Tuesday, August 18, 2015

`State needs sobriety check posts'

Aug 18 2015 : The Times of India (Chandigarh)
Vibhor Mohan
Chandigarh:


Report Before HC Points Out Lacunae In Punjab's Traffic Management System
A proposal to set up `sobriety check posts' at toll plazas in Punjab to control the menace of drunken driving -with special focus on under-construction national and state highways where the incidence of accidents is higher -has been mooted. The recommendation was submitted to the Punjab and Haryana high court as part of a report on the traffic safety and traffic management in the state by In 2014, tra Punjab's traf in Punja f i c a dv i s e r 9,88,95 Navdeep Asija chall last week.

"The model of sobriety check posts has been successfully demonstrated in neighbouring Haryana and needs to be replicated. Under-construction stretches of national and state highways need strict vigil to improve road safety during the period the work is on. The court may direct state traffic police to make sure contractual provision or guidelines of the Indian Roads Congress and National Highways Authority of India to ensure `road safety during construction' in the state of Punjab," reads the report.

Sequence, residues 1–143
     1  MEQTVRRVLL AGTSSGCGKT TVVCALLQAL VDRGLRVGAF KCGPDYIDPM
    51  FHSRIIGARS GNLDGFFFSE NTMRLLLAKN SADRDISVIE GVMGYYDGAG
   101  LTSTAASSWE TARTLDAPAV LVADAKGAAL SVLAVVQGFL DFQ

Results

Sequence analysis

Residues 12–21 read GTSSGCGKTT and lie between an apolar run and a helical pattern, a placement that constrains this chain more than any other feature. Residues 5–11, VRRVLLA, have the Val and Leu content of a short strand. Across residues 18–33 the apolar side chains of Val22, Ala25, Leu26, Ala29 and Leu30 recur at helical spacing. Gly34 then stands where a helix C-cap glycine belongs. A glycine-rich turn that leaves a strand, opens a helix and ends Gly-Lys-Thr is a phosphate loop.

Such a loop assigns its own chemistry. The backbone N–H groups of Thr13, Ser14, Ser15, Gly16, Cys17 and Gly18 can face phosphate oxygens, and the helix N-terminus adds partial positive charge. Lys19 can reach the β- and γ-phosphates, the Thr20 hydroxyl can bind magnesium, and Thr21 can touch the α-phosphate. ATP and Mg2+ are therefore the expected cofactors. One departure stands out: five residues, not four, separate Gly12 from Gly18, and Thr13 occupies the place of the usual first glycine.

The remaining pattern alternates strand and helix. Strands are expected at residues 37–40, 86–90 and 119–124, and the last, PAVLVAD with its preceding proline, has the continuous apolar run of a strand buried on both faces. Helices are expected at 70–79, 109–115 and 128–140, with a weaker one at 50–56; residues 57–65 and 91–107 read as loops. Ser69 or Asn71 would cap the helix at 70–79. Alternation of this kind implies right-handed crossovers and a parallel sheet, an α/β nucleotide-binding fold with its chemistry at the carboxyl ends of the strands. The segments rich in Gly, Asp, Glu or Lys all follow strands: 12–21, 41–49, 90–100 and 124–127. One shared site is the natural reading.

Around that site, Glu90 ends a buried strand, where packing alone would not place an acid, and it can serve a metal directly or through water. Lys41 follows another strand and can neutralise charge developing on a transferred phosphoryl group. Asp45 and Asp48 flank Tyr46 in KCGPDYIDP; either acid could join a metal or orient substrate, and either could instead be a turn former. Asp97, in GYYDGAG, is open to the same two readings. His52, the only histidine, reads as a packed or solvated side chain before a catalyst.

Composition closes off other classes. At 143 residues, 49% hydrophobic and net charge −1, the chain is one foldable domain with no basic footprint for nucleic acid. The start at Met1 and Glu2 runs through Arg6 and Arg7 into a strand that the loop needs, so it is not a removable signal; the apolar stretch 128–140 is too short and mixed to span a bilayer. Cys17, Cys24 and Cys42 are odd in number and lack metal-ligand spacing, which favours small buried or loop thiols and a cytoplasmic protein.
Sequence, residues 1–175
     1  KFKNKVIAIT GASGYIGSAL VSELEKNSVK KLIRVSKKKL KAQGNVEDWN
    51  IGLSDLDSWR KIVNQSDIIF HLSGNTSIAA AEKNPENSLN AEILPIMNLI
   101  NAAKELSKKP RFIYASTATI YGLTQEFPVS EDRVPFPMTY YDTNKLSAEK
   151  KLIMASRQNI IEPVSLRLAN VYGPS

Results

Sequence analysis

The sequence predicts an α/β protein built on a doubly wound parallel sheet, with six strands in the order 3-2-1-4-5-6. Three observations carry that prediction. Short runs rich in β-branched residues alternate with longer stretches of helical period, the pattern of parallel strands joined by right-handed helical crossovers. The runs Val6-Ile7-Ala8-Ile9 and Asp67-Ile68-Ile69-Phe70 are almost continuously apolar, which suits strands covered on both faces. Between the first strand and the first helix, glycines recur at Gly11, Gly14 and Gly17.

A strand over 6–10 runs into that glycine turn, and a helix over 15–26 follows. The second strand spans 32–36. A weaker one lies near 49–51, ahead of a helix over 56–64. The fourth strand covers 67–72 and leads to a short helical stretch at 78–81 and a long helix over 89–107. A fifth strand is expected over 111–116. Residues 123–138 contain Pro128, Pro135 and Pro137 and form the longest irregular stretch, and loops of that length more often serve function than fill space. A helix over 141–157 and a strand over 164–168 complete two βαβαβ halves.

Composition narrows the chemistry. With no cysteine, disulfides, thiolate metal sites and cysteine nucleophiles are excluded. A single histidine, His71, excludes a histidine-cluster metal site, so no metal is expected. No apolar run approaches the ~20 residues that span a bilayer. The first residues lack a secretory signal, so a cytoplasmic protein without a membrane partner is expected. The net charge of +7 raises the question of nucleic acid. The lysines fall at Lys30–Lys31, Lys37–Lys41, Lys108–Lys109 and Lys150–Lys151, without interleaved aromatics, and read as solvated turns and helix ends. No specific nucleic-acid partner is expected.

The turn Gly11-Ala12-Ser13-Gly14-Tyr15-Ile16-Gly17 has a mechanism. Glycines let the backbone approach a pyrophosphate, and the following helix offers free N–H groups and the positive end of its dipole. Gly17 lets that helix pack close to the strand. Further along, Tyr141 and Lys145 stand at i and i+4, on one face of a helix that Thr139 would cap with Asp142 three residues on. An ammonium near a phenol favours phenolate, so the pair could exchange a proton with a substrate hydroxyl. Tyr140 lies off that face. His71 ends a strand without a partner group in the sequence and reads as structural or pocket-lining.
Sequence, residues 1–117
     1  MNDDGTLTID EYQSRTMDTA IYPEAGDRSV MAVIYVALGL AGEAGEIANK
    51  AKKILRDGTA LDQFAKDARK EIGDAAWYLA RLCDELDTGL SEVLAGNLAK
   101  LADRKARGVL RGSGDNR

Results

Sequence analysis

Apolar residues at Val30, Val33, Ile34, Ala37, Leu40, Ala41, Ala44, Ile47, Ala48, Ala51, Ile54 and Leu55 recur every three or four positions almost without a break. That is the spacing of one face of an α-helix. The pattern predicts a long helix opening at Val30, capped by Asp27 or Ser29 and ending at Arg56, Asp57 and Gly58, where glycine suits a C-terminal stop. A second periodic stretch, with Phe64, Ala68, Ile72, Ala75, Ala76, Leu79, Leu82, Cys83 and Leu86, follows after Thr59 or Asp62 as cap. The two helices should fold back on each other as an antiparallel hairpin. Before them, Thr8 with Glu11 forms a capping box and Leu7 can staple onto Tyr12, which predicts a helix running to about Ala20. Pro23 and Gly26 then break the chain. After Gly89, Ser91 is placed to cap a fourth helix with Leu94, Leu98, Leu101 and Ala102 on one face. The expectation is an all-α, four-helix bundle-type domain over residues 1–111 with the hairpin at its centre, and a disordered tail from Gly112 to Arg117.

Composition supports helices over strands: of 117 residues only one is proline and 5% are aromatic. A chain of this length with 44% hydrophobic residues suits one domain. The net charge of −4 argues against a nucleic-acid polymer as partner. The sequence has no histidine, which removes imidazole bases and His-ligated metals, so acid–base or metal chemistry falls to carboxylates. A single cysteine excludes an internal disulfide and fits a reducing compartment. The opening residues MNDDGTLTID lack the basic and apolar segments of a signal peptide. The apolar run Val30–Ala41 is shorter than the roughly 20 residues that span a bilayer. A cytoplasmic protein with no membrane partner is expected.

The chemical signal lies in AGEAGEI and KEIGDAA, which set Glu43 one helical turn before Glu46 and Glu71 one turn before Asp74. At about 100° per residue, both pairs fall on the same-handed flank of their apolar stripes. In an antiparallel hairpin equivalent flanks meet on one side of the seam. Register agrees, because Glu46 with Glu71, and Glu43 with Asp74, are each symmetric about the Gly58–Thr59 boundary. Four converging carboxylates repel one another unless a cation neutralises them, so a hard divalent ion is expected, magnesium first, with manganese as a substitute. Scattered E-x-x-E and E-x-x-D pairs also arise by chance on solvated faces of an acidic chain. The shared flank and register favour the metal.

Traffic police dept understaffed

There are enough traf fic policemen manning the roads in Punjab. For example, Delhi has 30 traffic policemen per one lakh population, Chandigarh has 60, while Punjab has only 8. "It is found that the entire state traffic management in Punjab is being handled by 2,200 police personnel, which include officers at the rank of IG (traffic) and ADGP (traffic). The head office mainly covers rural areas and highways while the city traf fic is largely being managed by respective police commissionerates in Jalandhar, Ludhiana, and Amritsar under ACP (traffic) and at district level by SP (traffic)," says the report.

According to the National Crime Record Bureau report of 2012, police deployment (civil and armed) to handle all other crimes in Punjab is 274 police personal per lakh population, which is far above the national average.Apart from affecting proper traffic management, the absence of cops on roads results in traffic violators not being taken to task with issuance of challans.

"In the year 2014, state traffic police issued 9,88,958 traffic challan, means about 2,700 challan per day, ie, average 100 per day in each district and commissionerates by 2,200 police personnel, including constables and officers deployed on the road traffic duty by the state police. For effective enforcement and traffic management in Punjab, no service level benchmark or police force deployment standards are available," the report points out.





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